988 Initiative makes an impact in its inaugural year


Madison Socol

Mack Lafferty (left), Mia McFaline (middle) Logan Rankin (right) spread awareness for The 988 Initiative, selling t-shirts at the Kings vs. Loveland basketball game.

Madison Socol, Staff Writer

After several rounds of applications and interviews, Mia McFaline, was selected to be the ambassador for The 988 Initiative, a non-profit organization working towards suicide prevention and mental health awarness. 

Ambassadors for the 988 Initiative reach out to those in need of help locally, and spread awareness of the Initiative’s primary goal of destigmatizing mental health by creating conversations. 

“It is such an honor being the ambassador for Kings. I have always been the biggest mental health advocate I can be, and knowing I now have an actual platform and [that] I can make something out of my mental health awareness is just so awesome and I’m so grateful,” McFaline said.

The 988 Initiative established as a new suicide hotline and an organization on July 16, 2020.

We hope that discussion around the 988 number will create a space and opportunity for individuals, friends, and families to talk about mental health as a whole

— Jake Hertzman

Hertzman, the founder of The 988 initiative, had a passion for mental health awareness strong enough to want to create his own suicide hotline to help those in need. As a freshman in high school Hertzman played the main character in the movie Chance which is based on the true story of Chance Smith’s life. Hertzman connected with the Smith’s love of baseball, but the movie also depicts Smith’s teenage relationship issues and eventual suicide. 

“This was my first real exposure to the world of mental health awarness and suicide prevention. Then the winter of my junior year, my cousin took his own life at 14. These two events together inspired me to take the action and create The 988 Initiative,” Hertzman said.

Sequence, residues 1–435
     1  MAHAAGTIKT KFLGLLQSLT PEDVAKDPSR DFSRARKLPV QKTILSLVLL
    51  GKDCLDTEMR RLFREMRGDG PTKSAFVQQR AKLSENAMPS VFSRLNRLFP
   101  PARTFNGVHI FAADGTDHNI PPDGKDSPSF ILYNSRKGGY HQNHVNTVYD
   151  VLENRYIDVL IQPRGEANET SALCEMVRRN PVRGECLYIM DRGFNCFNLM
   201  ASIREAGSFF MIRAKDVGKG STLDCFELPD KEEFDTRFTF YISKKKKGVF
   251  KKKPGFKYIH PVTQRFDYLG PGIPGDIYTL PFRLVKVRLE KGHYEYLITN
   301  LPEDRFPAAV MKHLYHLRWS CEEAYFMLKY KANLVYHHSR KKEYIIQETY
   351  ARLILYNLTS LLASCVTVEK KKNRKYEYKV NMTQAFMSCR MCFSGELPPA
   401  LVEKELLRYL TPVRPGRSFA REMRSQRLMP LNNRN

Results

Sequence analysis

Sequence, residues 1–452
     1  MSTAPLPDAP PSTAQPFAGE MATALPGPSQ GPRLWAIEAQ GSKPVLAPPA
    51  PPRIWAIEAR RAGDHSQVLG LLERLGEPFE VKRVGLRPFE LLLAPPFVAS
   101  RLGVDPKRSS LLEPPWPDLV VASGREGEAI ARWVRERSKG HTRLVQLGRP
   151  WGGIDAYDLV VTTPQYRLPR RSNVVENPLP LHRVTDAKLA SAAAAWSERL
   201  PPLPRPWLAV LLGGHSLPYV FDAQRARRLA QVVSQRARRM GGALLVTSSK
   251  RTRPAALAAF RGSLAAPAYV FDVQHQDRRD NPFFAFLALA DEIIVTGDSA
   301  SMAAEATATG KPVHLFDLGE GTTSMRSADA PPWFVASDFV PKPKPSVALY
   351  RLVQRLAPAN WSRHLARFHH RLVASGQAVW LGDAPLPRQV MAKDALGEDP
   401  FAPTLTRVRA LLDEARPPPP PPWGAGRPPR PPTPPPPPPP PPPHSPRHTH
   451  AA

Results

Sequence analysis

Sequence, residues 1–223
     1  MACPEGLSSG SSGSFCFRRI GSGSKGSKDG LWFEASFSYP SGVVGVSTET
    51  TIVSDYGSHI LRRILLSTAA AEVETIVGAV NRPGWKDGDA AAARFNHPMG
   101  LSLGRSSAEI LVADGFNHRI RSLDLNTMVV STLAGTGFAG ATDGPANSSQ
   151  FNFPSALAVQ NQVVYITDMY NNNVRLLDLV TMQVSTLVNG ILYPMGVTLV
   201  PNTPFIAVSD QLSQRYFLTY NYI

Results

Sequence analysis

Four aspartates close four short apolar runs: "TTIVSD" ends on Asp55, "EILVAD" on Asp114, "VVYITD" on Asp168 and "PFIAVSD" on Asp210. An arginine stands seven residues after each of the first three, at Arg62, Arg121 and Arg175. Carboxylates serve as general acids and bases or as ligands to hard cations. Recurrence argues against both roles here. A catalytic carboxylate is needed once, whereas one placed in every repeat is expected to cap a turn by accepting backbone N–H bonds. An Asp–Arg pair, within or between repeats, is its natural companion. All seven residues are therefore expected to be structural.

Abby Arellano,  an ambassador for The 988 Initiative at Loveland High School, has been reaching out to friends at other schools to help gather resources for activities and signage for the 988 Initiative. 

For Arellano, the organization had a greater impact on her than any other mental health hotline. 

“It’s not like the other lifelines where they just show up to your front door,” Arellano said.

988, is a number you call in case of a mental health issue. Anyone can call this number to reach out to a therapist in minutes over the phone.

“When you call you will either be switched to a line with a therapist as soon as possible, or you will have someone sent to your house depending on [the severity of the] situation,” Arellano said.

Taylor Mills, a senior, has watched McFaline learn and grow into the person she became to fit the role of an ambassador.

“Mia has been through what The 988 Initiative was created for. She knows the warning signs. She is an easy person to walk up to and talk to. She truly does care about her own and other people’s mental health and is willing to stop what she’s doing to help others,” Mills said.